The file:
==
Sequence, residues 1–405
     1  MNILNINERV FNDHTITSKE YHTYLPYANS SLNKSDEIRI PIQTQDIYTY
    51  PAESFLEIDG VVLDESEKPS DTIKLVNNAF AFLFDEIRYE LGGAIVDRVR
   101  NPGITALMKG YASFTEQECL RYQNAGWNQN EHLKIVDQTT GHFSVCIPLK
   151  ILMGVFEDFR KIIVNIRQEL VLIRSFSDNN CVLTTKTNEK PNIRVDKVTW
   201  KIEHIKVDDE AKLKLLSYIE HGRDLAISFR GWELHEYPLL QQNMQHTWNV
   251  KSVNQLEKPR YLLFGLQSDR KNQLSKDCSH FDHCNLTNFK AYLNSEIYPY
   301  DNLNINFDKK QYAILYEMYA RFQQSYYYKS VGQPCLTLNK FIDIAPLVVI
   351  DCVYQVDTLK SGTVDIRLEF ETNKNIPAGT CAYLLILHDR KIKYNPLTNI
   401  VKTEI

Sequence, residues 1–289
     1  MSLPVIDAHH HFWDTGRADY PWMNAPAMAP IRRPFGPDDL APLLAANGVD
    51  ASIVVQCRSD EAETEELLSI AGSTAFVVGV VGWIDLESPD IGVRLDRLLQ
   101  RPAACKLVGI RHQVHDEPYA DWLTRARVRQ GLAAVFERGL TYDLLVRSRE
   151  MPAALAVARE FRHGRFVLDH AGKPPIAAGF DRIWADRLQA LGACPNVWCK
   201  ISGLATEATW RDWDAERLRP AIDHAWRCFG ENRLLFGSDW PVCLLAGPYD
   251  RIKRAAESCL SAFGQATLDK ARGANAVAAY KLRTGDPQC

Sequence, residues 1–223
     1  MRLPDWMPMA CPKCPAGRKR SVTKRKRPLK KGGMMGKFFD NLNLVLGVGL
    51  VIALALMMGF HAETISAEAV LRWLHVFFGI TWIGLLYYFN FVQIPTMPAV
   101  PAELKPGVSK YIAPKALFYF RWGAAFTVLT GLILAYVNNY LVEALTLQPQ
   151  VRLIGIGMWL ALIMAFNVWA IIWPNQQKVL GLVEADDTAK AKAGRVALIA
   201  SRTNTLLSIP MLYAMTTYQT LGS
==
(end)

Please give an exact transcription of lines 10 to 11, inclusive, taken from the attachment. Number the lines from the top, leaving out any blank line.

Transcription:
   401  VKTEI

Sequence, residues 1–289